The Otherness of Self

A Genealogy of Self in Contemporary China
Xin Liu
An exploration of the conflict between traditional Chinese ideology and modern Chinese business practice

Description

The realities of the social life in China's business practices reveal an increasing divergence from the ideologies of the Chinese state. In this engaging work, Xin Liu examines the Asian economic crisis and, particularly, the rise of China as a major trading power in the region. Liu illuminates a history of conjuncture, including the effects of the Maoist revolution and the influence of transnational capital and capitalism.

The Otherness of Self, in addition to being an anthropological study of the development of so-called high-tech industries in (South) China, also explores the complex formation of capital in a developing new world of business practices. By tracing the birth and development of the Beihai Star Group, a high-tech company that achieved success despite a major national economic crisis, Xin Liu shows how a capitalist order emerged within a self-proclaimed socialist country.

Xin Liu is Associate Professor of Anthropology and Chair of the Center for Chinese Studies at the University of California, Berkeley. A researcher as well as a teacher, his interests include the condition of life in contemporary China and East Asia, and the effects of transnational capitalism in the transformation of East Asian societies. Liu's work has been honored by the British Council, the Japan Foundation, and, most recently, the University of California at Berkeley. Among his many other accomplishments, he is also the author of In One's Own Shadow: An Ethnographic Account of the Condition of Post-reform Rural China.

Praise / Awards

  • "After focusing on rural China in his first book, Liu now turns his perceptive eye on the post-reform condition in the urban area. Here, the socio-economy might indeed be described as immoral, particularly in the cavalier attitudes he reveals regarding corruption, sex, bribery, and all of the so-called traditions that most China anthropologists hold so dear about Chinese society: family, education, homeland, hierarchy, centrality of the state, and the importance of ritual and religion. There are many anthropologists who have written that these institutions constitute what makes China Chinese, and Liu has nicely shown how this generation can only find amusement in such practices or belief. For Liu's subjects, there is a third dimension: in the midst of a corrupt, rudderless society, a decimated past, and a delegitimated state government, how can people begin to relate to society outside the state? The existential dilemma of self and social is pervasive in China today, and Liu nicely teases apart the many strands entangling his three interwoven subjects. In a sense, the drama is much more about the Chinese self today than about the characters, and in this way Liu nicely accomplishes his goal of locating his writing in ethnographic space, but never making it local. From this finely crafted work, we learn much about contemporary China, but even more about the making of one's self."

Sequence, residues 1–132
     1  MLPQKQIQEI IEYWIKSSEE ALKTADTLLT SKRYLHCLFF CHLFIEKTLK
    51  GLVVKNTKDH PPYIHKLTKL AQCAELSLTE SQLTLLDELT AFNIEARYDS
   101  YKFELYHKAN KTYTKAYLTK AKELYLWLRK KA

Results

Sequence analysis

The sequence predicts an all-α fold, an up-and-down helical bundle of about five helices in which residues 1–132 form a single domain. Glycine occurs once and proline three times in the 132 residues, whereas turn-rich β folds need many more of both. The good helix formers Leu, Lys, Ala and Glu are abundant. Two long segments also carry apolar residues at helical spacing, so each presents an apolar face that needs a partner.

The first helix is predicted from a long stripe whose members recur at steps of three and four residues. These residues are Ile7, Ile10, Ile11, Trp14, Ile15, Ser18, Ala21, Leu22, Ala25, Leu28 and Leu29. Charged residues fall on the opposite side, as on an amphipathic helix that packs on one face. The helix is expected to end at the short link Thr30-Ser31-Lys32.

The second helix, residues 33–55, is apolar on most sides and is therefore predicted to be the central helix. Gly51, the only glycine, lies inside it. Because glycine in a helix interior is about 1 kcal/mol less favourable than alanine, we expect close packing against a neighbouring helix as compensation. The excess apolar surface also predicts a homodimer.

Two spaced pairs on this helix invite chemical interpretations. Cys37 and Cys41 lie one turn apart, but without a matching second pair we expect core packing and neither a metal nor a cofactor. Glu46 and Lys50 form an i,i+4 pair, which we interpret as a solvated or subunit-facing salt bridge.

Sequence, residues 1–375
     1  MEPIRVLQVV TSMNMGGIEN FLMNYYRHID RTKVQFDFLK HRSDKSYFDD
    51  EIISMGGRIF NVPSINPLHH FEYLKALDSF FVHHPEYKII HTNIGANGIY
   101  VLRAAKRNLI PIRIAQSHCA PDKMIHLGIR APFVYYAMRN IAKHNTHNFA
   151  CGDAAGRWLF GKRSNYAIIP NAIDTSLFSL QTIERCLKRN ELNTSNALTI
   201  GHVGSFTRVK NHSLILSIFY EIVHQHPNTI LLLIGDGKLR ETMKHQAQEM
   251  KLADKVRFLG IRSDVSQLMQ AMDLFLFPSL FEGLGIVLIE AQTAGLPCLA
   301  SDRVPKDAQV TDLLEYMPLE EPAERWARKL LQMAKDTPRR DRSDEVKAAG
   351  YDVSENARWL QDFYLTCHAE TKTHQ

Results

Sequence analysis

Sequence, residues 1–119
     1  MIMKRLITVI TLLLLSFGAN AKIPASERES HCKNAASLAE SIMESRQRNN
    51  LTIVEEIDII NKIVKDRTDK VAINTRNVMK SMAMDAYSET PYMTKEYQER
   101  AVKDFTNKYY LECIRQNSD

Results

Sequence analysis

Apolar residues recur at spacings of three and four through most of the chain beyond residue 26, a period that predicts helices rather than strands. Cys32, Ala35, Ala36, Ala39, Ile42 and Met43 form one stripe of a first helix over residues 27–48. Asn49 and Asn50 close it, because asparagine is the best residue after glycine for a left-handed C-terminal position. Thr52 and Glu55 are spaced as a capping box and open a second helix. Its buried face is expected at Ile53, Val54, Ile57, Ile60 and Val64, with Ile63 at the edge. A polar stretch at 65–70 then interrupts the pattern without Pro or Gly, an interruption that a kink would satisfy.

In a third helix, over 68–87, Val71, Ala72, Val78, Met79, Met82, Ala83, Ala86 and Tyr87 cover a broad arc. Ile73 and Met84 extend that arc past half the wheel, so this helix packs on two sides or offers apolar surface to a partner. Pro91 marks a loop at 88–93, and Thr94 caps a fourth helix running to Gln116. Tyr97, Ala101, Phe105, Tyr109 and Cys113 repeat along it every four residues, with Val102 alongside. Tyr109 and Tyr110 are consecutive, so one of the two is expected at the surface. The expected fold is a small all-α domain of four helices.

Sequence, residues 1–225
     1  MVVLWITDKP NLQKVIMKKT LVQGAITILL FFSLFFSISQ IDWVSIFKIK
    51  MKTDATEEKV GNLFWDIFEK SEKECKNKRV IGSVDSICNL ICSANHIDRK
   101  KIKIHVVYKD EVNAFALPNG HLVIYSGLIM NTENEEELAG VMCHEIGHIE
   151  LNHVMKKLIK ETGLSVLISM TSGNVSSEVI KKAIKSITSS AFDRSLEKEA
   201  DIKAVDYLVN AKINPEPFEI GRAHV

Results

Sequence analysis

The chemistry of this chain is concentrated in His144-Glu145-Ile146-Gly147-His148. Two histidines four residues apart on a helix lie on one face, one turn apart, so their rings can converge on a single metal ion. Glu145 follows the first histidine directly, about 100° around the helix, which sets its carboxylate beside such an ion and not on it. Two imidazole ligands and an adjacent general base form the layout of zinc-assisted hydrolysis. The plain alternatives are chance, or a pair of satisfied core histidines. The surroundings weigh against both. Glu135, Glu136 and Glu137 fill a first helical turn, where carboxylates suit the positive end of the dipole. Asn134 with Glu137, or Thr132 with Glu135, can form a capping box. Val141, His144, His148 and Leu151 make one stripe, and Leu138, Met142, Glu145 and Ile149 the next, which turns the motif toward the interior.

--Dru C. Gladney, Professor of Asian Studies and Anthropology, University of Hawai'i at Manoa
  • "This is a bold effort to redefine anthropological theory while providing a new conceptual framework for understanding the significance of China's ongoing social transformation. In many ways it is breathtakingly original in its approach. I suspect its clarity, originality, and readability will appeal to a large audience interested in the theoretical as well as searching for a new framework in which to understand Chinese society. It will be a widely cited book."
    --William Jankowiak, Associate Professor of Anthropology, University of Nevada at Las Vegas
  • "The central questions explored in this study are provocative, which will no doubt stimulate further discussion on the nature of the post-Mao social and cultural exchange among China scholars.... The manuscript also demonstrates Liu's unusual ability to capture special telling moments and scenes in Beihai that nicely reveal the ironies, problems, and dilemmas inherent within China's urban development. It provides a valuable and much needed counterpoint to an overly optimistic view of China's economic development since Mao."
    --Li Zhang, Assistant Professor of Anthropology, University of California at Davis
  • "Liu's extended analysis of the philosophy of narrative, self, and time provides a rich theoretical cradle for understanding his ethnographic findings. . . . Liu makes a valuable contribution by capturing the day-to-day cultural experience of market transition, especially the inherent controductions of self and temporal consciousness produced by urban reform. Liu lends a sensitive and sophisticated analytic ear to the ways in which people reflect on their lives and their futures. Together, Liu's method and conceptual framings are an innovated approach to the anthropology of capitalist development that captures both important continuities of experience across place and key points of divergence. It should be of compelling interest to scholars of globalization, postsocialiasm, and China, as well as practitioners of ethnography."
    --Contemporary Sociology

Look Inside

Copyright © 2002, University of Michigan. All rights reserved. Posted June 2002.

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Product Details

  • 6 x 9.
  • 240pp.
  • 1 map.
Available for sale worldwide

  • Paper
  • 2002
  • Available
  • 978-0-472-06809-8

Add to Cart
  • $29.95 U.S.

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